• All Share : 51519.17
    UP 0.79%
    Top 40 : 4276.16
    UP 0.99%
    Financial 15 : 14912.81
    UP 1.35%
    Industrial 25 : 60022.98
    UP 0.45%

  • ZAR/USD : 10.7386
    UP 0.69%
    ZAR/GBP : 17.7342
    UP 0.10%
    ZAR/EUR : 14.0936
    UP 0.64%
    ZAR/JPY : 0.1023
    UP 0.03%
    ZAR/AUD : 9.9739
    UP 0.20%

  • Gold : 1266.8750
    DOWN -1.53%
    Platinum : 1412.0000
    DOWN -0.84%
    Silver : 19.2300
    DOWN -1.21%
    Palladium : 886.5000
    DOWN -1.94%
    Brent Crude Oil : 101.980
    DOWN -0.82%

  • All data is delayed by 15 min. Data supplied by INET BFA
    Hover cursor over this ticker to pause.

Tue Sep 02 16:09:04 SAST 2014

Japanese man’s childhood dreams give birth to giant robot

Reuters | 29 November, 2012 09:58

Like many Japanese, Kogoro Kurata grew up watching futuristic robots in movies and animation, wishing that he could bring them to life and pilot one himself.

Unlike most other Japanese, he has actually done it.

His four-tonne, four-metre tall Kuratas robot is a grey behemoth with a built-in pilot's seat and hand-held controller that allows an operator to flex its massive arms, move it up and down and drive it at a speed of up to 10 kph.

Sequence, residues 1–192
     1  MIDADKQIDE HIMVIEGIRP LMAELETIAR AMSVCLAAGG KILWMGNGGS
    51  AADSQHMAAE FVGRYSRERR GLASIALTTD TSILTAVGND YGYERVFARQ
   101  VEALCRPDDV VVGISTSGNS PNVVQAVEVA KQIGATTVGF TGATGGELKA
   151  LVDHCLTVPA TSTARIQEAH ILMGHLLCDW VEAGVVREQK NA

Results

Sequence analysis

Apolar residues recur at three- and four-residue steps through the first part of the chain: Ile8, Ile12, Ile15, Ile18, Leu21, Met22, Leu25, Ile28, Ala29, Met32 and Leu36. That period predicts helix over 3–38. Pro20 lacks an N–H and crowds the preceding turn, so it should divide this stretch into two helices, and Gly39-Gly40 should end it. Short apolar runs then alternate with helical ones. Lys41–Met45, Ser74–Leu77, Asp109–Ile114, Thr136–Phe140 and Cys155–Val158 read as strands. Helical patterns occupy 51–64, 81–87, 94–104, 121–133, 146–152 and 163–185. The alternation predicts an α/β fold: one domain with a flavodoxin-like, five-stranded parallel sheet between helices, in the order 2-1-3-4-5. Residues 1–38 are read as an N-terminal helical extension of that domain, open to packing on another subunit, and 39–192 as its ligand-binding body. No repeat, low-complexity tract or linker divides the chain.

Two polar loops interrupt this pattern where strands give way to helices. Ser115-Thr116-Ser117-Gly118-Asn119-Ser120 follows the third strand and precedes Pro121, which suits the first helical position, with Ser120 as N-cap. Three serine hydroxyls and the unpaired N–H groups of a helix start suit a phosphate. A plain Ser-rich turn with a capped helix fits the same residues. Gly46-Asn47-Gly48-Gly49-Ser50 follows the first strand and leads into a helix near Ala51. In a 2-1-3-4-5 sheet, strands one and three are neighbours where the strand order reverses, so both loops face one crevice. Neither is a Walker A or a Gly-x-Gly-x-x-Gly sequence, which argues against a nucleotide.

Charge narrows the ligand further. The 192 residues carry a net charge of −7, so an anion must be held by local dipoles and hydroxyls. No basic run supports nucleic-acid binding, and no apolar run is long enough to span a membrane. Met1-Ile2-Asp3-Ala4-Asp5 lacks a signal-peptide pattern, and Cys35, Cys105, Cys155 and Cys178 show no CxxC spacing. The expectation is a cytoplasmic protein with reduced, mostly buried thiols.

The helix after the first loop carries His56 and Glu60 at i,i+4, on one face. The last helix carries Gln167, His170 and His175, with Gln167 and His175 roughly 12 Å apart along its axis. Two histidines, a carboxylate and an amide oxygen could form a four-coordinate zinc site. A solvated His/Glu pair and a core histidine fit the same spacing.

"The robots we saw in our generation were always big and always had people riding them, and I don't think they have much meaning in the real world," said Kurata, a 39-year-old artist.

But it really was my dream to ride in one of them, and I also think it's one kind of Japanese culture. I kept thinking that it's something that Japanese had to do."

His prototype robot comes equipped with an operating system that also allows remote control from an iPhone as well as optional guns, that shoot plastic bottles or BB pellets and are powered by a lock-and-load system fired by the pilot's smile.

The robot, which took two years to pull together from concept to construction, also comes with a range of customised options from paint scheme to cup holders.

It isn't cheap. The sticker price for the most basic model alone is around $1.3 million.

Kurata said while he has received thousands of inquiries about buying a robot, he's also received a large number of cancellations and declined to specify how many people have actually bought one.

But that's not so important.

"By my building this, I hope that it'll sort of be the trailblazer for people who can do more than myself to make different things," he said.

"They might be able to make a society that uses robots in a way I can't even imagine. I expect more from the implications of building it than from the robot itself."

If you dig giant robots, check out the intro to Cartoon Network's Megas XLR here:

SHARE YOUR OPINION

If you have an opinion you would like to share on this article, please send us an e-mail to the Times LIVE iLIVE team. In the mean time, click here to view the Times LIVE iLIVE section.
Tue Sep 02 16:09:04 SAST 2014 ::